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NYC Executive Planning Director Leaving For Harvard Consulting Job

Department of City Planning's Purnima Kapur

A longtime New York City planning director, who oversaw zoning changes to boost better design and affordable housing, is leaving her position for higher education.

New York’s Department of City Planning Executive Director Purnima Kapur is slated to end her role with Mayor Bill de Blasio’s administration at the end of August. Kapur, who was a Bisnow 2018 New York Power Woman, will be taking on an adjunct professor role at Columbia University as well as serve as a planning consultant at Harvard University, Crain's New York Business reports.

The Ivy League university is expanding into Boston’s Allston neighborhood in a move some speculate will be that city’s next innovation district, and Kapur will be leading that effort.

Kapur worked in the planning department for 28 years, beginning as an entry-level planner and eventually landing her current position in 2014 after de Blasio took office. The administration looked to tackle soaring housing costs, and that frequently translated to zoning changes under Kapur’s tenure.

The 2016 Zoning for Quality and Affordability zoning amendment reduced parking requirements for projects near public transportation, loosened facade guidelines to encourage better building design and made it easier to build affordable housing. The Mandatory Inclusionary Housing law passed the same year and required developers to include permanently affordable housing units at projects that had received increased density approvals via rezoning.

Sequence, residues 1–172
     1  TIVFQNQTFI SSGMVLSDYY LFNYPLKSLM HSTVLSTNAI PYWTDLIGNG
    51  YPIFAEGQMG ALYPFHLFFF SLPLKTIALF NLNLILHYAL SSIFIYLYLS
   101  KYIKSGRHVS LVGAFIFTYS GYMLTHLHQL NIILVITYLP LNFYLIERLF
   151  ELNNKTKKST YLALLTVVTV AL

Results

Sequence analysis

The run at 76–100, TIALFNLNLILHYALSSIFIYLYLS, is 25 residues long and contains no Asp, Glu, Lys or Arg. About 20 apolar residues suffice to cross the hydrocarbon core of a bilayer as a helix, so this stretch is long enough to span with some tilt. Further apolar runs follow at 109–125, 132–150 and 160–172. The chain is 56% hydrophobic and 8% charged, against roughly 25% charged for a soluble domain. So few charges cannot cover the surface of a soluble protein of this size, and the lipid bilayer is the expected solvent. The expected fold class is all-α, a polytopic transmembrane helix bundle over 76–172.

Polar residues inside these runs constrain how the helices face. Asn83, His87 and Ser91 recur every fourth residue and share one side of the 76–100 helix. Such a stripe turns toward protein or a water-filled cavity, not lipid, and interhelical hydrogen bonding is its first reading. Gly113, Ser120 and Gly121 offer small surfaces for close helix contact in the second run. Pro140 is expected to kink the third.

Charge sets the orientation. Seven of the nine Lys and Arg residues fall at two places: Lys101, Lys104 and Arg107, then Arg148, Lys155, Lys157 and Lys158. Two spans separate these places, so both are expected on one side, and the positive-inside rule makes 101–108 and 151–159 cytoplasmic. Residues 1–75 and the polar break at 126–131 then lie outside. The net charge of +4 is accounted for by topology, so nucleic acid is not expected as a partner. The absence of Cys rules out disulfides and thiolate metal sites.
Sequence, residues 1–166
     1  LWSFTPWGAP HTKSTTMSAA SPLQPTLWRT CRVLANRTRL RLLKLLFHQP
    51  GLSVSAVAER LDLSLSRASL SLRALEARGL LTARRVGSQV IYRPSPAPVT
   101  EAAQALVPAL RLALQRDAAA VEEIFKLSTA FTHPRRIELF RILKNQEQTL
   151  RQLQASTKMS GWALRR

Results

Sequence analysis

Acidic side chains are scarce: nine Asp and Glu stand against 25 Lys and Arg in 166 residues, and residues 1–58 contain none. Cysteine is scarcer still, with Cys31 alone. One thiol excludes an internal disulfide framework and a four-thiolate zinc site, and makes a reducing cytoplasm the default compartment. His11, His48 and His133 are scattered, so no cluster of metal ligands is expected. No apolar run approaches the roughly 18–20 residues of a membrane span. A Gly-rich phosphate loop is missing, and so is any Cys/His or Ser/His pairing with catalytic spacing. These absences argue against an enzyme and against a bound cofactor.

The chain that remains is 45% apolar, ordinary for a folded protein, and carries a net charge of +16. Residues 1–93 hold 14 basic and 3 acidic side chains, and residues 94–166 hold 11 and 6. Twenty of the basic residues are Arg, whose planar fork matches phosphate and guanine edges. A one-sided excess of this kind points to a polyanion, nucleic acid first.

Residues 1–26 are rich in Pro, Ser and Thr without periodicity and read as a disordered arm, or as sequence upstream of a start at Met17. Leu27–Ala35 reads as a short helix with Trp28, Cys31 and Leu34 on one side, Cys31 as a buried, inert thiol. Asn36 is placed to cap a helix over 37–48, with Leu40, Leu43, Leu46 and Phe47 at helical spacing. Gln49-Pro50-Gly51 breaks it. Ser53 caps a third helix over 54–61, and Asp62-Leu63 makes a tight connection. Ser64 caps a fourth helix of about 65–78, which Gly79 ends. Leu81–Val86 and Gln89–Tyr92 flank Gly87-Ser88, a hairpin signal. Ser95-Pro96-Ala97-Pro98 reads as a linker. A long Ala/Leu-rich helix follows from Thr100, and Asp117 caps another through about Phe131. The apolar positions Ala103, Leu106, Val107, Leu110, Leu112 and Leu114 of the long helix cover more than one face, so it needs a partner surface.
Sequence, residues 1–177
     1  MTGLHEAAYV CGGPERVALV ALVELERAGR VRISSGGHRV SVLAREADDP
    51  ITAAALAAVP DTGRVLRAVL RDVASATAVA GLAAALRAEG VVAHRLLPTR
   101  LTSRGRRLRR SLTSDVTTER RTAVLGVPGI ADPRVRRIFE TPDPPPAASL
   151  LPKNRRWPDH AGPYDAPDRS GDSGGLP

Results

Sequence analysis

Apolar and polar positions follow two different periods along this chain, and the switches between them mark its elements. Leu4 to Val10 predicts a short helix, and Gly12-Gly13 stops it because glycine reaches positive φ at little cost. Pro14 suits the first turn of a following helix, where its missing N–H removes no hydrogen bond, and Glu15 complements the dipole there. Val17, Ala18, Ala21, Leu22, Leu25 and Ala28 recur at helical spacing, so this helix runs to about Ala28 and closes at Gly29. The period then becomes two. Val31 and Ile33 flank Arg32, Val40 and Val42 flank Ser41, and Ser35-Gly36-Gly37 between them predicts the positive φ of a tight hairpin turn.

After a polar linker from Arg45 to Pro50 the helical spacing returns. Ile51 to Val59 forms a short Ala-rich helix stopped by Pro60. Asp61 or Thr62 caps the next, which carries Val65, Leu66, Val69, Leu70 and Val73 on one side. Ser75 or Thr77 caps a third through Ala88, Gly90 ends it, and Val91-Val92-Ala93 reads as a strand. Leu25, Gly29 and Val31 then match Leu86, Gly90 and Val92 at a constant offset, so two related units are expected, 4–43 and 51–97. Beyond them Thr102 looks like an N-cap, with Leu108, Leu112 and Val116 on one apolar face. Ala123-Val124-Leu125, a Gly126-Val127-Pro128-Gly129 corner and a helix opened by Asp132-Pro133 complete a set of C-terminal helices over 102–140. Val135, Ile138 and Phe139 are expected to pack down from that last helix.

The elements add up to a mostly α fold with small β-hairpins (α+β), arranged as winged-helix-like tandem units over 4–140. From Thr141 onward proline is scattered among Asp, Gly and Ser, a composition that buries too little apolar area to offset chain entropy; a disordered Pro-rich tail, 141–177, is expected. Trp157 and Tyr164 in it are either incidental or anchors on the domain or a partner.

She told Bisnow in June of the importance of the Midtown East rezoning plan, which opened the door for 16M SF of development and better infrastructure funding throughout the entire city. But her tenure hasn’t always been smooth sailing.

While the city’s planning agency has made affordable housing a top priority, the rezoning effort to make it happen has been resisted in some neighborhoods.

"I was a little bit taken back by the intensity, even though people had been asking for more affordable housing for years and here is a mayor who is out there delivering on that in a pretty significant way," Kapur told Crain’s. "Yes, the need is great and we could always do more, but that was a little bit of a surprise to me."